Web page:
between reality and her own delusions starts to blur. Nina is haunted by fear in 
everything she does, which develops into a paranoia, from her constant obsession 
of approval and perfection, also being extra anxious about the strong competition 
for the the role, especially from Lily, that she might steal her role or surpass her. 
- But her strive for perfection is merely based on an illusion which along with her
distorted reality, contains destruction in order to achieve the perfection she's 
aiming for.

Thomas Leroy: 
"The final act. Your final dance! You've tasted your dream. Touched it! Only to
have it crushed. Your heart is broken. Wounded! Your life force fading. The blood 
drips. The black swan stole your love! There is only one way to end the pain. 
You're not fearful, but filled with acceptance! And you look down at Rothbart 
and then at the Prince. And then yes, the audience! And then you jump!"

This act, this tragedy, becomes Nina's destiny too, and can also be seen as a visual 
representation that is perceived as a metaphor of being a true artist; that you have to 
live it and breathe it, sacrifying your own self, getting lost in it for not only to 
create, but to become the artwork itself.

I'm still left with a lot of questions...
What was this darkness? This evil twin? Does it represent her fear of feelings she has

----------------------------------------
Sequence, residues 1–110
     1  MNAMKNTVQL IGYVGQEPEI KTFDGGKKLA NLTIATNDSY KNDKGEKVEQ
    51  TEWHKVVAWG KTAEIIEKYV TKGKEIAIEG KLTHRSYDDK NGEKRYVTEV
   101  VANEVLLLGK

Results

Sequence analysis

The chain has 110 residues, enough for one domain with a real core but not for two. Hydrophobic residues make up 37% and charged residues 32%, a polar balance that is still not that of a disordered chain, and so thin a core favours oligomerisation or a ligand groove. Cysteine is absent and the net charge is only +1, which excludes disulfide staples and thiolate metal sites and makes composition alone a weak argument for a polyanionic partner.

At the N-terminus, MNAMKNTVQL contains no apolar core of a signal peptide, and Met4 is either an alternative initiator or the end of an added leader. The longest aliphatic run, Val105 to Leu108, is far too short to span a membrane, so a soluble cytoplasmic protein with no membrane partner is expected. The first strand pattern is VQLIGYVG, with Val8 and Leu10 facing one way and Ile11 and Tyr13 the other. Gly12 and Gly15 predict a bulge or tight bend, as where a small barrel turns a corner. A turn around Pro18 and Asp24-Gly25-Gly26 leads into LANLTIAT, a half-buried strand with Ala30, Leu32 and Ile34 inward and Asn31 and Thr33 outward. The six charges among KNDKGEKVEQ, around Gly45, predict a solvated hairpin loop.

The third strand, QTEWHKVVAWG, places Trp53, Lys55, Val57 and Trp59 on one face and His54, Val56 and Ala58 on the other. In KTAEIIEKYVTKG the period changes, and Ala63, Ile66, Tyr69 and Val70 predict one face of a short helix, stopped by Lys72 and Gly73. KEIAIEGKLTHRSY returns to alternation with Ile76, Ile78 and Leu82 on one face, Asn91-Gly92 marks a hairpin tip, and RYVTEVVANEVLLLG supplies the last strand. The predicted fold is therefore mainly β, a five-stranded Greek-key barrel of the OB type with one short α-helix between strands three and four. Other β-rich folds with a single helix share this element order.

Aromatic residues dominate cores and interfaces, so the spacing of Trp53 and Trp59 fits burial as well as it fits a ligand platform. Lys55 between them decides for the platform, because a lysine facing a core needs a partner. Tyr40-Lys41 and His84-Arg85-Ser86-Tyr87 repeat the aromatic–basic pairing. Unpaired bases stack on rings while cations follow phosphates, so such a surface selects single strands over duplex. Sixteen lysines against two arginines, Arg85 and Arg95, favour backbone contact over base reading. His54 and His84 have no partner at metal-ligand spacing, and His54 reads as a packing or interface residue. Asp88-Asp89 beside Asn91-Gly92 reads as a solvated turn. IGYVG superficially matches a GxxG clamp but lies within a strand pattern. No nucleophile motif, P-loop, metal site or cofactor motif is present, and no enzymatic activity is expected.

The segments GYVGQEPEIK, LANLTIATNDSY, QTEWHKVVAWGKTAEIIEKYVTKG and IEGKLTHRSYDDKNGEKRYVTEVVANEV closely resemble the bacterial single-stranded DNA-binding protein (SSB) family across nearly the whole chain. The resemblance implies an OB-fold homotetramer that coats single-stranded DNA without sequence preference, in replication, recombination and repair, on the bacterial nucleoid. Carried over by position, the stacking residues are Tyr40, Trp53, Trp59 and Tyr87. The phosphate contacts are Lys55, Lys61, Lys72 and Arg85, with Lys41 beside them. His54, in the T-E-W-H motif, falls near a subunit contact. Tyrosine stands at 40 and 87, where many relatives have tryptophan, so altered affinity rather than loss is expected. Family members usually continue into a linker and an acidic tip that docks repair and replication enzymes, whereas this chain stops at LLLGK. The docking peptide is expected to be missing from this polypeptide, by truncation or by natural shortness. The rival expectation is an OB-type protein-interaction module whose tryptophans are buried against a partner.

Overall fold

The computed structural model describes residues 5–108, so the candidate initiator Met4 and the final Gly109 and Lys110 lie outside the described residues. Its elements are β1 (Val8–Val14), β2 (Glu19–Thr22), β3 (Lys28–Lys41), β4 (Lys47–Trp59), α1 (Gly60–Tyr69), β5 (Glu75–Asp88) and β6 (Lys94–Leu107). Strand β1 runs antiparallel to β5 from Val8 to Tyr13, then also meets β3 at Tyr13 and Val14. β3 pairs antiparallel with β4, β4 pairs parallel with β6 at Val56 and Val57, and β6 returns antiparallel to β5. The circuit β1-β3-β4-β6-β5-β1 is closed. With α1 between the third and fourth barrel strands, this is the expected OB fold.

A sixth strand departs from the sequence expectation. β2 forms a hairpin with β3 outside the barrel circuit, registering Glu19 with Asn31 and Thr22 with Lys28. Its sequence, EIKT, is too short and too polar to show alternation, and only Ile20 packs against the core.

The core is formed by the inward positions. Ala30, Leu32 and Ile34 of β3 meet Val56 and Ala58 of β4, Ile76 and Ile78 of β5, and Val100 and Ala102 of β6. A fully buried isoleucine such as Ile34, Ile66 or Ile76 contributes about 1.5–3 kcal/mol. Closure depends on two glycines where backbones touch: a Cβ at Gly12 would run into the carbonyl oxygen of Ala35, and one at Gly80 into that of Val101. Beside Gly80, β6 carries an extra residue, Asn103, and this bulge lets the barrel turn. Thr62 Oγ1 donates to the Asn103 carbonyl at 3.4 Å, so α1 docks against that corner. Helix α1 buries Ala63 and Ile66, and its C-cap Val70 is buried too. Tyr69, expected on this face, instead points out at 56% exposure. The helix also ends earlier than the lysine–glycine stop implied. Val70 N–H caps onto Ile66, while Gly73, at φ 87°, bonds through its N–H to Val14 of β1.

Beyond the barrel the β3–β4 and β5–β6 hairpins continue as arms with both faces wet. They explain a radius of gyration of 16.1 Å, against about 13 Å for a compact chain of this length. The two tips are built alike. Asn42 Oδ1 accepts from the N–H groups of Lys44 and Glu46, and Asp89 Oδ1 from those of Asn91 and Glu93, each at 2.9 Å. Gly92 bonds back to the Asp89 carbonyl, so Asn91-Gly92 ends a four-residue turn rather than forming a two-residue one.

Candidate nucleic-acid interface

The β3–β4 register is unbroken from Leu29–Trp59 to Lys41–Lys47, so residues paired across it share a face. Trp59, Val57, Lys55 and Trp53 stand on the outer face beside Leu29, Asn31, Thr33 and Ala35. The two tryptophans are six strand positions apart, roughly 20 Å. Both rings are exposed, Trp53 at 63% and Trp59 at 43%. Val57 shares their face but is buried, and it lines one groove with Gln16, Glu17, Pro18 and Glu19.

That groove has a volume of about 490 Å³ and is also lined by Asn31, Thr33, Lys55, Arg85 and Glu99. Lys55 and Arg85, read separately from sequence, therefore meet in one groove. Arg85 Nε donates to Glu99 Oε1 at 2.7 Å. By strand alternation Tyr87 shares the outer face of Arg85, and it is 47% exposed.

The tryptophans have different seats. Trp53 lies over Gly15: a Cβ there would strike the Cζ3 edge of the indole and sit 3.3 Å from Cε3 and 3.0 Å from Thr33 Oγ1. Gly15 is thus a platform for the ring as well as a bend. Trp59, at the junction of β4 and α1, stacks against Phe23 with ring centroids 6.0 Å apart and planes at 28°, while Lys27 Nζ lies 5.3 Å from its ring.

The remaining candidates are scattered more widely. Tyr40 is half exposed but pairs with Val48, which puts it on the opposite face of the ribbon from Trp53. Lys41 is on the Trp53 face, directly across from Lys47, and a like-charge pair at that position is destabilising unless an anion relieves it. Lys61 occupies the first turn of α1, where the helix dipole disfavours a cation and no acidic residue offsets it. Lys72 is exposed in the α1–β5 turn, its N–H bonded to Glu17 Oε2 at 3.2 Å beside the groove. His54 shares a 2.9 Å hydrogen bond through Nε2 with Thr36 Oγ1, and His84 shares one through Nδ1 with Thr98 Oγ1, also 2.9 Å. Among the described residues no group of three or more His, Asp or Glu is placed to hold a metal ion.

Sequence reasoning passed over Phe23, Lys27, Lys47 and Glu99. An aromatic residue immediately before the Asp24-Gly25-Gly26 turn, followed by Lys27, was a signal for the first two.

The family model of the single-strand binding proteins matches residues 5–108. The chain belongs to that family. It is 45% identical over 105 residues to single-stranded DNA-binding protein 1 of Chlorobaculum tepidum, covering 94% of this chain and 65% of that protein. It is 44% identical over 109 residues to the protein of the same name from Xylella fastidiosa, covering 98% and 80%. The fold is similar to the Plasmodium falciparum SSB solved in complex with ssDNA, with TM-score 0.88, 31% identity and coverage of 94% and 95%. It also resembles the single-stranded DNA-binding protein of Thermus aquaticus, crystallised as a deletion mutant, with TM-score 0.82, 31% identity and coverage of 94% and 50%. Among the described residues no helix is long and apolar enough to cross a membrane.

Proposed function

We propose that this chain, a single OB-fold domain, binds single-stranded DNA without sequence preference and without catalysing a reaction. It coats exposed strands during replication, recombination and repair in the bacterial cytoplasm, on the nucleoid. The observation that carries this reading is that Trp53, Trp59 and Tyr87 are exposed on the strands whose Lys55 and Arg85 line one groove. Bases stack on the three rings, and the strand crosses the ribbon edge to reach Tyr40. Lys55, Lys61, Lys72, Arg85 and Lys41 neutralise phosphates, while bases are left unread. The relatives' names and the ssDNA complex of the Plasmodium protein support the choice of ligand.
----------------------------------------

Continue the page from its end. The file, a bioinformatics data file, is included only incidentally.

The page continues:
suppressed for long, which had developed into some inner demons she had to let go of in 
a pursuit of freedom?

(Was destruction her only doorway to freedom?)  

There's many takes on this, - did this persona reveal to some degree her true self? Or did 
she use the role to channel her emotions, her struggles, as way of enabling herself to let 
loose/go of her inner demons, so that by releasing them she could confront them, 
live/breathe them, and by the realization that they had possessed her she embraced it 
as a part of becoming the perfect black swan.

Or just a reminder that she wasn't strong enough to cope with life's darker sides 
and difficulties?

- To this point her whole life seemed to resonate with the Swan Lake story, but 
unlike the white swan she did in a way achieve her dream to play the role 
perfectly, breathe it and live it, - not letting anyone or anything take it 
away from her. 

[last lines]
Thomas Leroy: Nina, what did you do?
Nina: I felt it. Perfect. I was perfect.


Ever felt like you don't really know who you are? What you are doing and (why)? Are 
you just being good cause it's good to be good? Ever thought about your own desires, 
what's selfish and what's not?  Perhaps your own well being and happiness doesn't have 
to be entirely based on your own pleasures, but the person you become through the 
choices you make?  

Ever felt like you have some inner darkness, some unknown territory not yet